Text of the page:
In Genesis 18 God confronts Abraham by the Oak's of Mamre, telling him that he will have a son within the year even though Sarah is beyond childbearing age. When Sarah doubts, God reminds them that nothing is too hard for Him. If He wants to give Sarah a baby in her old age, He will. Nothing will stop the Creator, Sustainer, Healer, and Savior of the universe from doing what He claims. His promise to Abraham will be fulfilled. Indeed, as you work through the text, you see God's promise realized (Gen. 21). Within the year Sarah gives Abraham his promised son.
Knowing God Can Do the Impossible Should Affect the Way We Live
Knowing God can do the impossible, that nothing is too hard for Him, should affect the way we live. I can’t talk about all the ways it should affect our lives, so let me give you three areas it should affect.
(1) Our prayer life
Probably most of you know someone or have read a story of someone who was diagnosed with a disease or cancer. Upon finding out the news their church began to pray for them. Then some time later, when they went to the doctor for a checkup, the tumor or disease was gone. The doctors couldn’t explain it. It just disappeared.
If we are honest with ourselves, if I am honest with myself, our first thought, when we hear something like that is that the initial tests had to be wrong. They really didn’t have that disease, or cancer, to begin with.
But why do we think that? Why do we think that has to be the case? Why can’t we believe and celebrate the fact that God answered prayer and healed that person? I believe it is because we put limits on God. We think God has to operate in the same way we operate; that He is governed and limited by this world, just like we are.
When we place limits on God, our prayer life suffers. We either don’t pray for big things, like someone to be healed or if we pray for them, we doubt it is going to happen.
But knowing who our God is should give us the confidence to ask without doubting (Jas. 1:5-8). If He wants to heal someone from cancer or a debilitating disease, nothing can stop Him, so we shouldn’t be afraid to pray for things we might consider out of the ordinary, big things. Nothing is too hard for the Lord and knowing that should affect our prayer life.
(2) Our evangelism
At the Together for the Gospel conference I attended back in 2014, one of the speakers preached a sermon entitled: Can your Gospel Save a Terrorist? His answer was yes. God can and does save terrorists. Think about Paul, one of the greatest persecutors of the church. Yet on the road to Damascus God broke into his life, revealed the truth about Jesus, and changed his heart, so that he believed.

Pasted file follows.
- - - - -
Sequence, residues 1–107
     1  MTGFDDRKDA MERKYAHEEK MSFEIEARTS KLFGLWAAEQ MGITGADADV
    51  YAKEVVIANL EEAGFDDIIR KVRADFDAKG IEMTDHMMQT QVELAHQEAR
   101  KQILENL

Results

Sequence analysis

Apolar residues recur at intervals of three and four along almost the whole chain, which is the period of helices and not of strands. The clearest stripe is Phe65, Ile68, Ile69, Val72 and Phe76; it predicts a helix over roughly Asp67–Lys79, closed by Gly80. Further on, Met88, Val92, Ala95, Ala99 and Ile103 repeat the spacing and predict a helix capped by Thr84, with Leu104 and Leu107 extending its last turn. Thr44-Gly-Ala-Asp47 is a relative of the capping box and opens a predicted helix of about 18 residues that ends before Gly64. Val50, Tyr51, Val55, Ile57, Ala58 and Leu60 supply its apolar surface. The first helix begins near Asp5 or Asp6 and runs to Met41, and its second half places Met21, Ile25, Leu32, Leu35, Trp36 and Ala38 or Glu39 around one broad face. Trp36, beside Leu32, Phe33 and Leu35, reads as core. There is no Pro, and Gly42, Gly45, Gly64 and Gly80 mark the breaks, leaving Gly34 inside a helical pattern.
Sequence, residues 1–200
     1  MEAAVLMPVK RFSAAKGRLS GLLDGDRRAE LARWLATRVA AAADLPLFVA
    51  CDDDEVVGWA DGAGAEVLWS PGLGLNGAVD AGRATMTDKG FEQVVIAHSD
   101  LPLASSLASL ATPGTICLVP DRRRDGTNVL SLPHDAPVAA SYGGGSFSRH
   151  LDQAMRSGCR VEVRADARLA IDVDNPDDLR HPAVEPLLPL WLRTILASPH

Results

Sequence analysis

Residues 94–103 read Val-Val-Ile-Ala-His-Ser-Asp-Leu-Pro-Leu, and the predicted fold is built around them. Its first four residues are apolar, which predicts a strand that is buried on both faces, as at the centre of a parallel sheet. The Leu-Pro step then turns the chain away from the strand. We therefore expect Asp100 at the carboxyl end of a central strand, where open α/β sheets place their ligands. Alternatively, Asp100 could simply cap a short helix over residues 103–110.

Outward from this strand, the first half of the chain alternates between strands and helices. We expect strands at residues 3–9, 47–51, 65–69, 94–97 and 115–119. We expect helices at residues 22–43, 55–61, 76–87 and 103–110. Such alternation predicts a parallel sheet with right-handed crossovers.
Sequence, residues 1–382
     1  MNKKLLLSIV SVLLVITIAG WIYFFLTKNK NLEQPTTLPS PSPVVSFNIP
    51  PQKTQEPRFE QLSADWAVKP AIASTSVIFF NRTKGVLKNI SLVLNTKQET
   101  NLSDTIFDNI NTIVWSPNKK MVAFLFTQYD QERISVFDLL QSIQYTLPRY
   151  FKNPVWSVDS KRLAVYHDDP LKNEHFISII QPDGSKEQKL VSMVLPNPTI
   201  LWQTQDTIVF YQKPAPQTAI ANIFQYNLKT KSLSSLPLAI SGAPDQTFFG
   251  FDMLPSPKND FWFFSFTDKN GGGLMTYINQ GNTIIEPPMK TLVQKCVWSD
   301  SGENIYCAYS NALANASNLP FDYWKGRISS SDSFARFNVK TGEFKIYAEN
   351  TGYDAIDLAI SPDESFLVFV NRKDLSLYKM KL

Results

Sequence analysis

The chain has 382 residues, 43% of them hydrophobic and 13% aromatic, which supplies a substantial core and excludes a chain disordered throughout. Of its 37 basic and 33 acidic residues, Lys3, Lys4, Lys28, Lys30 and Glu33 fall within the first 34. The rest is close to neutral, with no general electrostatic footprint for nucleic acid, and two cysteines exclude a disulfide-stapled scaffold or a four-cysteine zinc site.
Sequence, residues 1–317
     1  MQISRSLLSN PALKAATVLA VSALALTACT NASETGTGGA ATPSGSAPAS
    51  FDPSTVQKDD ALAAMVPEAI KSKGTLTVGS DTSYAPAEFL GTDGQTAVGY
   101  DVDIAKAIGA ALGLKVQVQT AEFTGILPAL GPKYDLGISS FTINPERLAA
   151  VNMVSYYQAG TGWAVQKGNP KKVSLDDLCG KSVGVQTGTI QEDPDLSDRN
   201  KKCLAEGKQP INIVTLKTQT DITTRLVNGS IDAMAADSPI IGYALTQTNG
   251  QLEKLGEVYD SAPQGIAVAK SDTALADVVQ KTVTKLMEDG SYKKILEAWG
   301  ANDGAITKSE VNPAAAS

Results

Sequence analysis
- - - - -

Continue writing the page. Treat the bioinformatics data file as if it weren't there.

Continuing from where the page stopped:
Knowing that God can save even those we deem too far gone, should affect our evangelism. It should give us confidence and boldness. It should keep us from judging a person's likelihood to become a Christian based on their background or their current practices. If God can save Paul, a terrorist, He can save drug dealers, rapists, serial killers, gangsters, hoodlums and the like. He can save us because we are no different. We are all sinners who need Jesus. Our God is a powerful God. Nothing is too hard for Him.
(3) Our giving
Recently, I came across an article with a shocking and revealing statistic. Church members on average only give 2.5% of their income . I don’t quote that statistic to guilt you into giving more to the church. I bring it up because it reveals something about our heart. Either we are lured and enticed by the possessions of this world so that we spend our money on them. Or we squirrel everything back believing that money provides security.
Certainly, there is wisdom in saving, and there is nothing wrong with having things, but we can’t allow the possessions of this world or our fear of the future to get in the way of our giving. We must believe God truly satisfies and that He has the ability to provide. When we believe those things, we will be freed to give radically; to invest in the kingdom in a way that we haven’t been able to do before.